the musical divisions of the requiem are:
the introit Requiem aeternam
the Kyrie
the tract Absolve
the sequence Dies irae
the offertorium Domine Jesu Christie
the Sanctus
the Benedictus
the Agnus Dei
the communion Lux aeterna
Réquiem(Spanish m.) requiem
Requiescat in pace (s.), Requiescant in pace (pl.)(Latin) or R.I.P., may he/she (s.) [or they (pl.)] rest in peace
Requintowhen applied to musical instruments, the term requinto is used in both Spanish and Portuguese to mean a smaller, higher-pitched version of another instrument
(Spain) a wooden flute-like instrument from Galicia that is played sideways
(Spain) a small plucked instrument related to the cavaquinho, The most common tuning is: D-A-C#-E (from lowest to highest)
the lead drum in the Afro-Puerto Rican bomba style
Requinto guitara guitar having a deeper body but, otherwise, a slightly smaller scale than the standard guitar. Standard tuning: A-D-G-c-e-a
Requinto jarochofrom the Jarocho region, a small 4-string Mexican guitar, also known as guitarra de son and javalina, that is used in son jarocho
Requisa(Spanish f.) inspection
requisar(Spanish) to swipe (familar), to grab (familar), to requisition (appropriate)
Requisit(German n.) prop
Requisito(Spanish m.) requirement, requisite
Requisito previo(Spanish m.) prerequisite
Requisitoria(Spanish f.) requisition, demand
Reredorterthe toilet block of a monastery
Reredosa wall or screen of wood or stone rising behind an altar
Re-releasesee 'reissue'
resabido (m.), resabida (f.)(Spanish) pretentious, pedantic
Resabio(Spanish m.) unpleasant after-taste, bad after-taste, bad habit
Resaca(Spanish f.) hangover, undertow, undercurrent, eau de vie (Latin-America)
resalado (m.), resalada (f.)(Spanish) lively (familar), charming (familar), attractive (familar)
resaltar(Spanish) to jut out, to project, to stand out (figurative)
resbalar(Spanish) to slip, to slide, glisser
Rescue operaBefreiungsoper (German f.), a style of opera that became popular in France after the fall of the monarchy, where the main hero or heroine is rescued from certain death at the last moments, for example, Fidelio by Ludwig van Beethoven (1770-1827)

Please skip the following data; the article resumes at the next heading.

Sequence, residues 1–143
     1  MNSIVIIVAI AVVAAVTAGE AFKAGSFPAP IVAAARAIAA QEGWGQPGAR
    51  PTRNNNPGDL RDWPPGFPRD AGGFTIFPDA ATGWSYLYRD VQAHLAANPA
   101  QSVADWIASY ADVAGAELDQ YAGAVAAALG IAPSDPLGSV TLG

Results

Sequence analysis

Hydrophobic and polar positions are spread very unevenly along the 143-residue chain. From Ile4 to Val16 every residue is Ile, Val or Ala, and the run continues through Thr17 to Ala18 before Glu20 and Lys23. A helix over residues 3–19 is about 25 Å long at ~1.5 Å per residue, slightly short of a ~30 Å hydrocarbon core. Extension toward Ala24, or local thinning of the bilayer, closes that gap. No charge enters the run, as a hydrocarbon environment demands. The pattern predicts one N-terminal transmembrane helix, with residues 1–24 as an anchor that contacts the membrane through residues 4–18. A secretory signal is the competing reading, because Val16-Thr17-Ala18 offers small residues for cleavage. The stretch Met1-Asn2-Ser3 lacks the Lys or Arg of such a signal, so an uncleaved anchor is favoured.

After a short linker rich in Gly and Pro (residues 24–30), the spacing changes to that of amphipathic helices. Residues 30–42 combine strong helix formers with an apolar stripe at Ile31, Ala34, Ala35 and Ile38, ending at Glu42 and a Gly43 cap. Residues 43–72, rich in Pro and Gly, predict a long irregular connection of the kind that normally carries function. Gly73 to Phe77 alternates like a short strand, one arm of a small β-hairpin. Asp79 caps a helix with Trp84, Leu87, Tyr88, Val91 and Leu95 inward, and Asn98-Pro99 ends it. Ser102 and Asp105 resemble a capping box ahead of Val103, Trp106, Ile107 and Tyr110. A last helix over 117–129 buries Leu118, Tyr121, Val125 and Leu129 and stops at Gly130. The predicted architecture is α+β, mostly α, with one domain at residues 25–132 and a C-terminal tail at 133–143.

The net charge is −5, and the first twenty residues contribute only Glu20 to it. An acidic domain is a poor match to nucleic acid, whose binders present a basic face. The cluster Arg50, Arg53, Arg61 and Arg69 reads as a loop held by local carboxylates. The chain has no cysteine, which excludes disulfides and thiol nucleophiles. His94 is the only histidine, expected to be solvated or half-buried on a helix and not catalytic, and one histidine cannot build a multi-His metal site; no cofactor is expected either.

Research in Music, Web Resources
Reserva de localidad(Spanish f.) (advanced) booking
reservado el derecho de admisión(Spanish) the management reserves the right to refuse admission
réserver le meilleur pour la fin(French) to save the best for last
Reservoiron an organ, this is a storage container for the wind. The top part of the container is expandable, like a fan or accordion. Weights or springs are used on the expandable part to keep the air under pressure. If the wind going to the pipes is not under the same, constant pressure, the sound will waver and the note will warble
Resettlement Administrationor RA, an agency which, during the period 1935-42, helped relocate urban and rural families that were struggling into federally planned communities. One of the communities is Greenhills, Ohio just outside of Cininnati, Ohio. This administration funded a photography project documenting rural poverty
Res facta(Latin) a written, in contradistinction to an improvised composition
Residualton(German m.) missing fundamental, suppressed fundamental or phantom fundamental
Residuum (s.), Residua (pl.)(Latin) the remainder, what is left (for example, after combustion or evaporation)
Resiliencethe physical property of a material that can return to its original shape or position after deformation that does not exceed its elastic limit
Resinhard transparent resins, such as the copals, dammars, mastic and sandarach, are principally used for varnishes and cement, while the softer odouriferous oleo-resins (frankincense, elemi, turpentine, copaiba) and gum resins containing essential oils (ammoniacum, asafoetida, gamboge, myrrh, and scammony) are more largely used for therapeutic purposes and incense
see 'rosin'
  • Resins from which this extract has been taken
res ipsa loquitur(Latin, literally 'the thing speaks for itself') an event that has occurred which, if the subject of litigation, would not require an onus of proof by the plaintiff because of the obvious negligence of the defendant